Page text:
Is Visual Management for you?

The VIS Board Process is adaptable to any workplace and offers enormous value to any business or project that is intrepid enough to openly tackle its own weaknesses and embrace innovation and change.

 

Sources: Jana Michaels and Hunter Dean, Systemix Consultants

The Smartest Businesses Know How to Learn

Leveraging the information already resident in your people and company may be one of the most effective things you can do to decrease waste, increase productivity and even the longevity of your people’s commitment to the organisation.

Is a reluctance to change holding you back?

In most cases, people are busily getting on with what they do in the way they’re most comfortable. And that just happens to be the way they’ve always done things. A natural resistance to change (or uncertainty), coupled with the tendency not to do things until they have to be done (which is often too late), can result in errors and inefficiencies that seem to be built into the system.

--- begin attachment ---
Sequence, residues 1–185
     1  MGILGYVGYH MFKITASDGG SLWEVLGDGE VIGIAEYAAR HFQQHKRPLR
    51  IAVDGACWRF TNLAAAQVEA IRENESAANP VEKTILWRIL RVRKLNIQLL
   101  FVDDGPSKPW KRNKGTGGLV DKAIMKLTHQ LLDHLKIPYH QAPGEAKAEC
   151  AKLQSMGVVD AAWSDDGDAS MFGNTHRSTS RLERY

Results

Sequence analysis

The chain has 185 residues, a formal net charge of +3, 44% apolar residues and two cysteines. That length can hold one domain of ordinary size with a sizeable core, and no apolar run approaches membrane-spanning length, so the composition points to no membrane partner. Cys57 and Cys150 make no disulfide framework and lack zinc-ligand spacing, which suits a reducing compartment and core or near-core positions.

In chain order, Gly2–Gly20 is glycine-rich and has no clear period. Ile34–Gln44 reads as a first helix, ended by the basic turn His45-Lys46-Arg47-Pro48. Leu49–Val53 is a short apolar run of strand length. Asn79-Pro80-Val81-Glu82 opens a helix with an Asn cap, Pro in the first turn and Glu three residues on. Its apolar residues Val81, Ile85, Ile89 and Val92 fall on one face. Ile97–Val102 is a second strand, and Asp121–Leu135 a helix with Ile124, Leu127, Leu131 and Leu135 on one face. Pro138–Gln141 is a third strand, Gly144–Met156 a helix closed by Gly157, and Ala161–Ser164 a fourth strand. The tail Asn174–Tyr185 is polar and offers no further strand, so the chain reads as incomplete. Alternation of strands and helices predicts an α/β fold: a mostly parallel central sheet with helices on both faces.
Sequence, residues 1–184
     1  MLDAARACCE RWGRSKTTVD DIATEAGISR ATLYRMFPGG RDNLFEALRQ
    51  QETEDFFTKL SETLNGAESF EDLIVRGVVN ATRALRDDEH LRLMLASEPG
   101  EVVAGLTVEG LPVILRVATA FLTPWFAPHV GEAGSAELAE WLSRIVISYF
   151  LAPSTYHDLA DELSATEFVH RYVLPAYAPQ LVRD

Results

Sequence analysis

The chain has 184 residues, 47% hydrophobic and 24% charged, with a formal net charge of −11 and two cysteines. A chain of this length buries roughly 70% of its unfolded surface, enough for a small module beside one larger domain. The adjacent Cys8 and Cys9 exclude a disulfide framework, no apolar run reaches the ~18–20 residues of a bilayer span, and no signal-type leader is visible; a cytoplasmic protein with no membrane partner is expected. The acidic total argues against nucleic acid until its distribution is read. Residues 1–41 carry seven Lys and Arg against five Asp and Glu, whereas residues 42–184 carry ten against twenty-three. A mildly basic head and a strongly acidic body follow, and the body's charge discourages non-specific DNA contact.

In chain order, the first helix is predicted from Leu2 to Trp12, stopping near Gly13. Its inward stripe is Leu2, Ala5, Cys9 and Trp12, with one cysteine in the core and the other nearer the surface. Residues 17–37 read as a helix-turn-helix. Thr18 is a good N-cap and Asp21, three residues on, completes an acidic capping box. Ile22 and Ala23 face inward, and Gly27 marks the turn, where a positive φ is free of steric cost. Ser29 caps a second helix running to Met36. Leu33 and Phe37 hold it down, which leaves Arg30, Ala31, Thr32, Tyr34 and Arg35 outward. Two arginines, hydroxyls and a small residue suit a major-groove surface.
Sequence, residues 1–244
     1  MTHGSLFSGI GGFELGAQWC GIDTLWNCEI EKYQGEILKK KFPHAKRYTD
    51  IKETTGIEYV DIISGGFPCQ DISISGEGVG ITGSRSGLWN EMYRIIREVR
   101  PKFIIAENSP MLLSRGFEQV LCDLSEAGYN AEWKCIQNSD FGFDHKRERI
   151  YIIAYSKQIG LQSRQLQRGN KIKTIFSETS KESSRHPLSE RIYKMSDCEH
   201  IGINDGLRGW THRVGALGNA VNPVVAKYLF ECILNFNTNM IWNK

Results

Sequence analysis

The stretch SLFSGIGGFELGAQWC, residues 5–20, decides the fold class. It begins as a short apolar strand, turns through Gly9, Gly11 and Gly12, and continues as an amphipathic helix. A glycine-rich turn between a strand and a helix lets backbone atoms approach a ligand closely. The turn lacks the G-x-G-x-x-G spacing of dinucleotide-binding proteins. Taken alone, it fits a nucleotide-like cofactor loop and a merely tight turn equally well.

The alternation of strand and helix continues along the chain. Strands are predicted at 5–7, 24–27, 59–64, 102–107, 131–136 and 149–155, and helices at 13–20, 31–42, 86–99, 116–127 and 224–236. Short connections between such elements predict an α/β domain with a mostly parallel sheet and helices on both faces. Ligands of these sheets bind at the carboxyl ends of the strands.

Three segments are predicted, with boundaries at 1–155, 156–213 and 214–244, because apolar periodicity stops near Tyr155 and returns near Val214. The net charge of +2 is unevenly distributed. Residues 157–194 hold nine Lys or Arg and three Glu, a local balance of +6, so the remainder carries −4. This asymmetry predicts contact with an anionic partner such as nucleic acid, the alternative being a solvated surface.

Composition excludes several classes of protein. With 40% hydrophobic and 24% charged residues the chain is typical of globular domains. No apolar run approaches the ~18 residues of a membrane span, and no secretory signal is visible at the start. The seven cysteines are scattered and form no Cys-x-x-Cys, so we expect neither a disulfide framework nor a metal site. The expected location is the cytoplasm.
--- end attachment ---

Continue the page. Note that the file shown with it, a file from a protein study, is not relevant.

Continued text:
Many companies struggle with instituting change, let alone a practiced philosophy of continuous improvement. Yet, as we move at a faster pace and competitive advantages become more and more focused on efficiency, making change on a regular basis and constantly improving is almost essential.

According to Hunter Dean, a Knowledge Management expert and Lean Enterprise consultant at Systemix, the role of business leaders today is as much about providing vision and the traditional aspects of leadership as steering an organisation toward effective knowledge management and leveraging learnings.

Knowledge is power

“Organisations that can truly learn from their experiences, both good and not so good, become very smart, very fast. This gives them confidence and agility which makes them very difficult competition”, Hunter explains.

Knowledge management and actively leveraging learnings are both critical factors at an organisational and project level to competing successfully in today’s market. So how do you approach this in your business?

Information is not enough